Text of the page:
Monday, January 11, 2016


"Did anyone prophesize these people?
Only Travis"
-Red Angel Dragnet by The Clash

Martin Scorsese's masterpiece, Taxi Driver, debuted on Febuary 8th 1976, the same year David Berkowitz aka the Son of Sam started his killing spree in New York City. There were also a total of 1,600 murders in the city that year (in 1980 there would be 1,814 and in 1990 2,245!!) The city was still suffering from the 1975 fiscal crisis which would eventually lead to the 25 hour black out in 1977 which lead to looting, arson and murder. Then there was the heroin and crack and a massive decrease in police presence which made an already violent city more terrifying.
Taxi Driver was about one man in that city. A man who claimed he would not take it anymore. A man that would stand up to the scum, the filth. But Travis Bickle (Robert DeNiro), he was no hero. Travis Bickle was a sick man. A man suffering from post traumatic stress disorder from his time in Vietnam, but there's no sense in Taxi Driver that Bickle wasn't already touched with a bit of darkness before he shipped out from boot camp. Not to say Bickle lacked a moral center, on the contrary, he knew the difference between right and wrong and firmly believed in his rightness. He was no junky, dealer, pimp, fairy, creep, whatever. He was a man who could not take it anymore. A man who dreamt of the day a real rain would come and wash all the filth off the street.
There are two distinct stories intertwining in Taxi Driver. One, is the story of Travis the fed up taxi driver, who after a chance encounter with a 13 year old prostitute, Iris (Jody Foster), decides it's his duty to rescue her from this scumbag pimp named Sport (Harvey Keitel). Travis purchases guns from a black market dealer to become a hero vigilante. The second, is the story of Travis the lonely Taxi driver who meets the angelic Betsy (Cybill Shepard). He falls for her hard, but after a disastrous first date she never wants to see him again. He's so tore up by her flat rejection of him that he purchases guns from a black market dealer, intending to assassinate presidential candidate Charles Palantine, for whom Betsy works for and admires.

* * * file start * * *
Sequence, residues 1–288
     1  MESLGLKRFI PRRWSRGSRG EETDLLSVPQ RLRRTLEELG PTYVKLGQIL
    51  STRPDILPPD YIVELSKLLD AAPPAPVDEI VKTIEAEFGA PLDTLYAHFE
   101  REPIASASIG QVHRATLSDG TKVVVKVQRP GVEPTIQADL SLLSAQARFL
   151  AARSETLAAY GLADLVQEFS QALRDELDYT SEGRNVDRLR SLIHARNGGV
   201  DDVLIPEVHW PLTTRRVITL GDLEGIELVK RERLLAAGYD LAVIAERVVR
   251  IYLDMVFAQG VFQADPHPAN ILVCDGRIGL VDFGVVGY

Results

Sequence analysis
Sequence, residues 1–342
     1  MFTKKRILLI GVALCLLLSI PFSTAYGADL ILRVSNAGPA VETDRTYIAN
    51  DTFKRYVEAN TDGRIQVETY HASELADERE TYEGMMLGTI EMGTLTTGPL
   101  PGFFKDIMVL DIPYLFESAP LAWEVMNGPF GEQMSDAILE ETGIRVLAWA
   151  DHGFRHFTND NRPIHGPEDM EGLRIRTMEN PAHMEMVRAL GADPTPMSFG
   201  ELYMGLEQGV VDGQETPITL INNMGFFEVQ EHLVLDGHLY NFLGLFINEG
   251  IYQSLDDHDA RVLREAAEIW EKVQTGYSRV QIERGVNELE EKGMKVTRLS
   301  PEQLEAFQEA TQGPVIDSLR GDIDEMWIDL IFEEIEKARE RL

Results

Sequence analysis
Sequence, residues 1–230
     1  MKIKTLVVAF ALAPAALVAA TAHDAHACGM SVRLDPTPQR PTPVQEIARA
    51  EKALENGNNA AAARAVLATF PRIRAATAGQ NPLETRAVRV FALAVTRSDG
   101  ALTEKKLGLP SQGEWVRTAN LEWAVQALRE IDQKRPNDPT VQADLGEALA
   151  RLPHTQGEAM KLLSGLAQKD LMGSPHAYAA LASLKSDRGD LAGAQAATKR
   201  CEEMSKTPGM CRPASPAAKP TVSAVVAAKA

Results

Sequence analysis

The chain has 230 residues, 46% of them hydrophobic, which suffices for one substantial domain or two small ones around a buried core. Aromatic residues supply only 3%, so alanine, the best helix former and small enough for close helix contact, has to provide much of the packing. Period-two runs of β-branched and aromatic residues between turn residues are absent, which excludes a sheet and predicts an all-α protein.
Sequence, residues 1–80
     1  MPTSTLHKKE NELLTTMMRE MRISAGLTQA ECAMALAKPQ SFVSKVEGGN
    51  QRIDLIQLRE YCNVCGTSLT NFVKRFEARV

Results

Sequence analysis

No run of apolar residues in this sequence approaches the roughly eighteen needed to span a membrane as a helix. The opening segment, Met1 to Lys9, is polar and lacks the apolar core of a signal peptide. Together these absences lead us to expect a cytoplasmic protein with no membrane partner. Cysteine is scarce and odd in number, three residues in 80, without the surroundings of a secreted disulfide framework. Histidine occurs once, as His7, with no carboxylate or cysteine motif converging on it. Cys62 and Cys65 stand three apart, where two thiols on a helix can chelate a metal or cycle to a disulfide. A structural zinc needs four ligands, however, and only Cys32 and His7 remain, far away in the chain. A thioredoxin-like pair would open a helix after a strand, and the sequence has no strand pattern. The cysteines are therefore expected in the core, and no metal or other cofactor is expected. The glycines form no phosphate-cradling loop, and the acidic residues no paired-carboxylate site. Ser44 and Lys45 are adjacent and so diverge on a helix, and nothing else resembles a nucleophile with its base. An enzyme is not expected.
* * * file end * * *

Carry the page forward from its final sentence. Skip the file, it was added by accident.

The two stories twist around each other like snakes, but Travis also seems outside of his own stories at times. Left alone to narrate his own descent into hell. He floats in and out of the roles of savior and destroyer and doesn't seem to understand that they're not different, they're the same man with the same story. He's "God's lonely man." He's sick, weak and he knows it (like Fyodor Dostoevsky's antagonist in Notes From The Underground) and he has to get better and get stronger, healthier, all the while self-sabotaging all his own efforts.
 Even if you haven't seen Taxi Driver you probably know the "You talkin' to me?" bit or have seen the images of a mohawked DeNiro. It was a favorite of The Clash and they quoted a chunk of dialogue in the song that opened this essay. It's a touchstone of cinema and pop culture.
Writer Paul Schrader drew inspiration for the film from the loneliness and depression he felt driving around all night after his divorce. He was also influenced by the aforementioned Notes From the Underground. Notes and Taxi Driver are both related to the audience by the a first person narrative, men who are not well with the world. Bitter outcasts who fantasize revenge. Schrader saw the taxi
driver as good metaphor for loneliness and knocked out the screenplay in less than a month. Scorsese landed the directing job after his stellar work on Mean Streets, which also starred DeNiro and Keitel. Neither Schrader or Scorsese set out to make a horror film, and some will argue Taxi Driver's ties to the genre, but the end result is a work of urban horror that's closer to Henry; Portrait of a Serial Killer than Goodfellas. Taxi Driver is certainly a film, regardless of how you'd categorize it, that many horror fans can latch on to, like Apocalypse Now, The Warriors, or Class of 1984, that take cues, consciously or not, from the horror genre. And in turn Taxi Driver's influence crosses genre boundaries. I've seen horror films that wish their violence was as effective as the last several minutes of Taxi Driver. Also, something else that ties it to the horror genre is Bernard Herrmann's amazing score. You may know Herrmann also scored Hitchcock's Psycho. 
Taxi Driver is as close to perfect a a film can get. It's meticulous in its world building and portrayal of the darker aspects of the human soul. All the stars really go above and beyond in their roles, even supporting characters played by Albert Brooks, Peter Boyle and Scorsese himself are essential pieces to this amazing puzzle.

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